In even greater detail, in this example terminal 1, calling terminal 2 via the STN 4, issues a signal CNGa at 1300 Hz which terminal 2 recognizes, here without activating its bell, and it replies by continuous emission of a signal at 1300 Hz followed by a V21 identification frame containing a terminal 2 identifier, such as the serial number and manufacturer. Terminal 1 replies with an NSC frame which contains an identifier for terminal 1, the IP31 computer address of the server 31, the name of a directory and an HTML page file name together with the secret authentication code. Terminal 2 executes acceptance of this data by emitting a DCN frame and the two terminals 1, 2 “hang up” to free their lines 14, 24.
Terminal 1 calls its service provider 31 and edits an HTML page, with the name XX of the directory and a name YY of the file for the message of the page and the IP1 computer address which it has obtained from the service provider 31, and sends the HTML message to the provider 31 who places it in the memory 311 in a section specified by the name XX of the directory above, transmitted to terminals 1.
It will be noted that the telephone call from terminal 1 to terminal 1 may take place after dispatch of the HTML page to the service provider 31, but it is also possible for the calling terminal 1 to dial up the other terminal 2 first of all on the second, telephone network 4, prior to connecting itself to the first telephone network, INTERNET 3, providing there is no risk of terminal 2 calling the service provider 31 too quickly since it does not yet have the HTML page, or if it is not up to date with respect to the IP1 address. In a particular instance, terminal 1 may however have instructed terminal 2 not to call until after a delay or a specified time.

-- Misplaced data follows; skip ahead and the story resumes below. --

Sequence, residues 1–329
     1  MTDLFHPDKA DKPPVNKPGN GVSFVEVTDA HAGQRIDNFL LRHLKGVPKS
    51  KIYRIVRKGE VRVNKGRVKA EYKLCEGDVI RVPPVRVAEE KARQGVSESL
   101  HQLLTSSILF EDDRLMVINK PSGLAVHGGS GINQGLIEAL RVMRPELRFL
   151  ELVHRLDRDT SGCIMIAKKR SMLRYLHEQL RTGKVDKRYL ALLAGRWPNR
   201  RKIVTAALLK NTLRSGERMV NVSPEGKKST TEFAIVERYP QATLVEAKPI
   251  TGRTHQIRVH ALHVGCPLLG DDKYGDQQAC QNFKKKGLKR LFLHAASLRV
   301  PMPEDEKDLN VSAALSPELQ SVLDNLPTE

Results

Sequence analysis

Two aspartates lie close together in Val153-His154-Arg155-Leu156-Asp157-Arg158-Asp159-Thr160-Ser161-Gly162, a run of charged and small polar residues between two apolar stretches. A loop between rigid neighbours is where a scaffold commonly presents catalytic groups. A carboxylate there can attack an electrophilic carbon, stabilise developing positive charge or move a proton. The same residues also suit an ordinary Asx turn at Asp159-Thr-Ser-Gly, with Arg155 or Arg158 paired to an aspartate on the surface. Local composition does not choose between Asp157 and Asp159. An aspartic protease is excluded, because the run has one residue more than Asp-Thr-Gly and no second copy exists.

In practice, the message on the HTML page may be retained permanently in the memory 311 and the service provider simply updates the Ip1 address, perhaps automatically, each time it provides a new IP1 address to terminal 1 which it calls it.
The service provider 32, here has a classic role, in contrast to the service provider 31. Terminal 2 calls the later using the INTERNET 3, via its service provider 32 and sends it the IP31 address to establish a link such as that bearing the reference 33. Once the service provider 31 has been reached by terminal 2, the latter sends it the memory address information of reference (name XX of the directory and name YY of the file) previously received from terminal 1 via the STN 4 for reading access to the HTML page deposited in the memory 311 by terminal 1. The message reference transmitted from terminal 1 to terminal 1 may simply indicate a message, the address of which is already known to terminal 2.
When terminal 2 then calls terminal 1, that amounts in fact simply to extending the link 33, already established with the service provider 31, to line 14. Terminal 2 then sends its address IP2 to terminal 1. In practice, as the service provider 31 has already received this computer address IP2 from terminal 2 to communicate with the latter, that amounts to ordering the server 31 to communicate the IP2 address to terminal 1. This command may originate from terminal 2 of from terminal 1, perhaps by the sole fact of the service provider 31 being called by one or other terminals 1, 2. Terminal 2 at least then has at its disposal in all cases the IP1 computer address of the other terminal 1 and may therefore communicate with it. Terminals 2 then sends to the IP1 address a SETUP signal with its IP2 address and the secret code word to authenticate the authentication code work and terminal 2 replies with a CONNECT-ACK signal of agreement, followed by an exchange of packets of useful data, such as voice or computer data such as faxes, or electronic mail.
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|U.S. Classification||709/227, 709/204, 709/205, 379/202.01|
|International Classification||G06F15/16, H04L29/06, H04L12/64, H04M3/42, H04M11/00, H04M11/06, H04M7/00|
|Cooperative Classification||H04L65/1069, H04M11/066, H04M7/0075|
|European Classification||H04M11/06D, H04L29/06M2S1|
|Apr 27, 2000||AS||Assignment|
Owner name: SAGEM SA, FRANCE
Free format text: ASSIGNMENT OF ASSIGNORS INTEREST;ASSIGNORS:SABATIER, PIERRE;OMGBA, LOUIS B.;REEL/FRAME:010753/0782
Effective date: 20000114
|Jan 5, 2009||REMI||Maintenance fee reminder mailed|
|Jun 28, 2009||LAPS||Lapse for failure to pay maintenance fees|
|Aug 18, 2009||FP||Expired due to failure to pay maintenance fee|
Effective date: 20090628